But instead of lurching ahead, my car does the exact opposite, gradually slowing as though someone has ripped the power from its engine and it’s suddenly forgotten how to propel itself forward.
I pump the accelerator. Nothing. I pump it again. Still nothing. “Uh-oh.”
“What is it?”
The car slows, until it finally comes to a grinding halt, right in the middle of the quiet country lane. The engine cuts out, and the only sound is a chewing sound coming from a cow watching us from the adjacent field.
“What’s happened to your car?”
“I can see that. Try turning the key off and on again. See if that works.”
“It’s not a computer that needs rebooting.”
I do it anyway. I get nothing, not even the engine turning over.
“It’s completely dead.”
“You’ll need to look at the engine and find out what’s wrong.”
I give her a sideways glance. “How many engines have you fixed in your life?”
“The problem might be obvious. Something might have come loose, or a cap has fallen off, or something like that.”
I pull my lips into a dubious line. “I’m not sure caps falling off things in engines is such a common issue.”
“Come on. Let’s at least take a look.” Prue climbs out of the car. “Pop the bonnet, will you?”
I scan the dashboard. “How?”
“I don’t know. It’s your car.”
“I’ve had it for three days. You know that,” I reply in irritation, because where the heck is the bonnet popper button thingamajig when you actually need it?
“Come on, Tabby. We need to be at the party in less than half an hour,” Prue complains.
Finally, I locate a lever that has an image of a car with an open bonnet on it, and I pull. The bonnet makes a clicking sound, and I leap out of the car and pull it open, remembering how Mrs. Barton had taught us how to use the metal stick to hold it open in that boring Car Maintenance lesson last term—the lesson I now wish I’d paid significantly more attention to.
“You look like you know what you’re doing,” Prue says, as she and I both peer in at the hot engine, emitting a strong aroma of metal and petrol and…engine.
“Believe me, I don’t.”
“What’s wrong with it?”
“I’ve got no idea.” I chew on the inside of my mouth as I regard it through an inexpert eye. Nothing’s steaming, nothing looks broken, and there are certainly no lids missing from anything.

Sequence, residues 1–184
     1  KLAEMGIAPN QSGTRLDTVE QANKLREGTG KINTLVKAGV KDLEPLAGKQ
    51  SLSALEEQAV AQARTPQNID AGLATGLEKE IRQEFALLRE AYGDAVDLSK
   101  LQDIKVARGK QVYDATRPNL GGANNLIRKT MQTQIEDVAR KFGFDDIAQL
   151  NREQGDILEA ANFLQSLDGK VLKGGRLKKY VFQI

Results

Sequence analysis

“Maybe we should call someone,” I suggest.
“Good idea. Call your dad. He can pick us up and take us to the party.”
I collect my mobile from my handbag on the back seat and press my dad’s number. It doesn’t ring. I pull my brows together and look back at the screen. “Great. No service.”
“Give it to me.” Prue snatches the phone from my hand and paces the empty road, holding it up in the air and squinting at it.
“Nothing. Not even one solitary bar. What are we going to do?”
“We could walk?”
We both look down at our feet. We’re wearing high heeled strappy sandals, built for short, tottering walks and making our legs look good. Not traipsing along country lanes, miles from anywhere.
The cow in the field gazes at us, still chewing on her cud.
“What are you looking at?” I ask her peevishly.
There’s a roll of thunder as dark clouds appear over the horizon, a cool wind whipping up around us, coming out of seemingly nowhere.
“You have got to be kidding me,” I growl, as I shiver in my summer dress. I push out a defeated breath. “No car and no phone coverage mean we’re simply going to have to walk. We can’t wait here and expect some knight in shining armour to roll up and save us.”
“Or can we?”
“No, Prue, we can’t, no matter how many romcoms you’ve watched.”
Prue nudges me with her elbow. “Look.” She’s staring in the direction from which we came, and a new sound enters my consciousness. A low hum, like an engine. I turn to see a vehicle moving slowly towards us as it winds along the road.
“Oh, thank goodness!” I reach up and wave my arms in the air to signal to the driver.
“See? Knight in shining armour,” Prue says with a smirk.
As the vehicle comes to a stop, I let out a relieved puff of air. “It’s a truck. That’s a good sign.”
“A very good sign, babe. Let’s hope the guy driving is hot.”